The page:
But the odds against that happening would be very high. Very, very, very, very high.

The way it did happen Sauron's troop movements within Mordor and outside of it contributed to the Hobbits making it to Mount Doom. If they had tried to enter Mordor earlier it would have been guarded much better. And it would have been pretty much impossible for the Hobbits to carry enough food and water to get into MOrdor, reach Mount Doom, and get out of Mordor alive even if Sauron didn't have a single warrior there.

Four) As Rand al'Thor's answer says, the lava would cool off on the long journey back from Mordor (possibly scorching or scalding or roasting the Hobbits to death). Then they would have to reheat the lava. And Rand al'Thor claims that the lava would have to be reheated to the temperature within the Mountain of Fire, and that temperature would be far higher than any temperature that could be created by anyone anywhere else on Middle-earth. So that would fail to destroy the Ring.

Five) But I think that the problem is much worse than Rand al'Thor said. I believe that in a world with magic, many items made with magic have magical links to the person who created them and to the place they were made, and to the conditions in which they were made. And we may note the Ring had a constant magical connection to Sauron, maintaining his powers, and that it had a magical connection to the fires of Mount Doom, growing stronger the closer it came to them.

So maybe Gandalf, with his knowledge of Middle-earth magic, so much greater than ours, knew or deduced that the spells which made the ring could only be unmade in the conditions which made them, the hot lava in Mount Doom, and could only be unmade in the place where those spells were made, the Crack of Doom.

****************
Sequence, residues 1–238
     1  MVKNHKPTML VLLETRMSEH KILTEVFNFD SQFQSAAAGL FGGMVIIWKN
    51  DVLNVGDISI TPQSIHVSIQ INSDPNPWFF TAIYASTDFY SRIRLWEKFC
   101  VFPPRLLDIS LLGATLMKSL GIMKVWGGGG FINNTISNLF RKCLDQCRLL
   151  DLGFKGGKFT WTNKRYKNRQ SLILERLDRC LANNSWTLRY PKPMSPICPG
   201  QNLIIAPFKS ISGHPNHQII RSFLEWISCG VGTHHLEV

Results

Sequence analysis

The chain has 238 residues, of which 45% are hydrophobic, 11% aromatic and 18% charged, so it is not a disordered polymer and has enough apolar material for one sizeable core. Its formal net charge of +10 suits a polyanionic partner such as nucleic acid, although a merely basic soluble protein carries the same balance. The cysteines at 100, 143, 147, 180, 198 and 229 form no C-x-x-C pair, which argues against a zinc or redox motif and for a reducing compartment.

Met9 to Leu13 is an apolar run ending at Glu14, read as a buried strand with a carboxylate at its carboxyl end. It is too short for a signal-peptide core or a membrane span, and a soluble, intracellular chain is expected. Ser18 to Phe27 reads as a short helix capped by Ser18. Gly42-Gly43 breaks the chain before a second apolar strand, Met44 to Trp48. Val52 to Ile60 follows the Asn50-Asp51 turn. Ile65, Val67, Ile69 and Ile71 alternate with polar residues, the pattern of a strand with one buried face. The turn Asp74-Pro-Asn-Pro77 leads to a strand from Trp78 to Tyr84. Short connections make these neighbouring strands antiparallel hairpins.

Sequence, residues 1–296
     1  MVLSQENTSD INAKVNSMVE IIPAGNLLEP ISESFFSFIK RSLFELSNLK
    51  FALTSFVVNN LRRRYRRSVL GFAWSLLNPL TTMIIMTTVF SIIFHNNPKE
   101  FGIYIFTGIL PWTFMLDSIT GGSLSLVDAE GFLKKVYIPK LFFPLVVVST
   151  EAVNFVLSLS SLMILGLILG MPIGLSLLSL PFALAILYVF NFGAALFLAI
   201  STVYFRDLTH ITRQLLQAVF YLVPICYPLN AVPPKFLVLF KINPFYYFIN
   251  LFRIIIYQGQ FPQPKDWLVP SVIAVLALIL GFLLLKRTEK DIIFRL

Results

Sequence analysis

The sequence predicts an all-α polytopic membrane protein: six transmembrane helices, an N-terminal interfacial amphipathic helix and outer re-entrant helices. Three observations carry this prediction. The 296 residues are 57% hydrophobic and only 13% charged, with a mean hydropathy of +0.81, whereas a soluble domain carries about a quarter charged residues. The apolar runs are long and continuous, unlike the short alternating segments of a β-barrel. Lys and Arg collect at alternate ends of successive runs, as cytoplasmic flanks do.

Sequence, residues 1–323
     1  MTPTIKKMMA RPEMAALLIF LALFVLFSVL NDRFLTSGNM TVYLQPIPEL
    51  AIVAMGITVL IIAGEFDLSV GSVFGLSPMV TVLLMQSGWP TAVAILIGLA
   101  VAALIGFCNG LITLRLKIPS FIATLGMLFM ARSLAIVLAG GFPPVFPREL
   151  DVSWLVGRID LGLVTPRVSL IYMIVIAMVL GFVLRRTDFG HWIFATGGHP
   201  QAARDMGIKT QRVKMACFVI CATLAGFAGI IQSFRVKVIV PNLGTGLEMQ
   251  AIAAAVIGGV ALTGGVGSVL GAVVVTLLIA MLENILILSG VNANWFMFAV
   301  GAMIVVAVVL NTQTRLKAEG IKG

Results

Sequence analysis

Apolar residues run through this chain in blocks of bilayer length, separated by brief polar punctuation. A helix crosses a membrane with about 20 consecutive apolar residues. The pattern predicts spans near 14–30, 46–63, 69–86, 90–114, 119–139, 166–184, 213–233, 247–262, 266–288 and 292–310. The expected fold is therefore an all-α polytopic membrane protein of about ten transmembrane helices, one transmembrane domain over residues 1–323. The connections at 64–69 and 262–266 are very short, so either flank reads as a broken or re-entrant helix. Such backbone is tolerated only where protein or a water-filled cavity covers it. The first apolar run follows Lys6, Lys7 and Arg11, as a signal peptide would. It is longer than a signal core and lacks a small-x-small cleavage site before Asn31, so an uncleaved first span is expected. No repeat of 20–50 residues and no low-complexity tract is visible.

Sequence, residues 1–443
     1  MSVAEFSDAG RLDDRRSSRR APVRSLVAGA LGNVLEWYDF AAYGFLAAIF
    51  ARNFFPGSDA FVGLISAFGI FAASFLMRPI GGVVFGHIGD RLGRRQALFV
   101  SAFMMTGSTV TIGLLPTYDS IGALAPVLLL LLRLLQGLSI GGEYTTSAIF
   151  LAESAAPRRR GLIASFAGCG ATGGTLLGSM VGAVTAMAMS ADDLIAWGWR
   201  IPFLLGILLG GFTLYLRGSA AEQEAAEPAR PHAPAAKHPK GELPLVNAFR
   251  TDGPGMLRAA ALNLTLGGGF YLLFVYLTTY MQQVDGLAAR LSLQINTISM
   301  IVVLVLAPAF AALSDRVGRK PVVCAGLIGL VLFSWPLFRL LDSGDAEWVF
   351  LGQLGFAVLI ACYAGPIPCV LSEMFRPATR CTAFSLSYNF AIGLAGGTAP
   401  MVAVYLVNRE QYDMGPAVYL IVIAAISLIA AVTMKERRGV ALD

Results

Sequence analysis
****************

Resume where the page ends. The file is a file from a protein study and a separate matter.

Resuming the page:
Even equally hot lava wouldn't destroy the Ring if the Ring was tossed into some hypothetical other volcano. Only the lava of Mount doom would do, and only in MOunt Doom. Even heat much greater than the lava of Mount Doom - like the heat on the surface of the Sun which they had no way of reaching - couldn't destroy the Ring if it was not at the Crack of Doom.

But if if there were such connections, wouldn't the connection to Sauron also be necessary? Sauron wasn't present, and would never knowingly destroy the Ring. But I think that Sauron unknowlingly caused the destruction of the Ring.

The Ring had some of Sauron's evil will in it, and constantly encouraged the evil desires of people around it. So the Ring's influence, an echo of Sauron's will, made Frodo desire to claim the Ring instead of destroying it, and made Golluem desire the Ring for himself, and so fight Frodo for it and fall into the lava with it.

Sauron's telepathic influence filled his servants (and all other beings who may have received it) with desire for evil and the Ring was spritually linked with Sauron, and naturally and automatically retransmitted Saruon's evil telepathic influence to everyone near it. Thus Sauron's mental influence transmitted through the Ring caused the actions which led to the destruction of the Ring.

The power of the Ring to control people made it impossible for any person to stay good enough to actually destroy the ring when they were standing in teh Crack of Doom in the one place where it could be destroyed, which was also the one place where nobody could possibly have the will to destroy the Ring.

So nobody could reach the crack of Doom and still retain the good desire to destroy the Ring.

By the time anyone could reach the Crack of Doom, even if carried by eagles, the Ring would give them an overwealming evil desire to possess the Ring and become the new Dark LOrd. So either they would be powerful enough to overthrow Sauron and become the new Dark Lord, or Sauron would overpower them and get the Ring back.

A catch 22 situation. It was impossible for anyone to take the Ring to Mount Doom with either good or evil intentions without the Ring ending up on the finger of a Dark Lord, either Sauron or a new Dark Lord.

So the way the Ring was actually destroyed was the only possible way I canthink of that it could have been destroyed. And that chain of events was the result of both good -Frodo's pity and mercy with Gollum - and evil - the evil desires of Frodo and Gollum to possess and use the Ring. And those evil desires whichled to the descrucitn of the Ring were unknowingly caused by Sauron.

So in the end people came to the Crack of Doom not with good desires or evil desires, but with both good and evil desires, and both were necessary for the destruction of the Ring.

Your Answer

By clicking “Post Your Answer”, you agree to our terms of service and acknowledge you have read our privacy policy.

Not the answer you're looking for? Browse other questions tagged or ask your own question.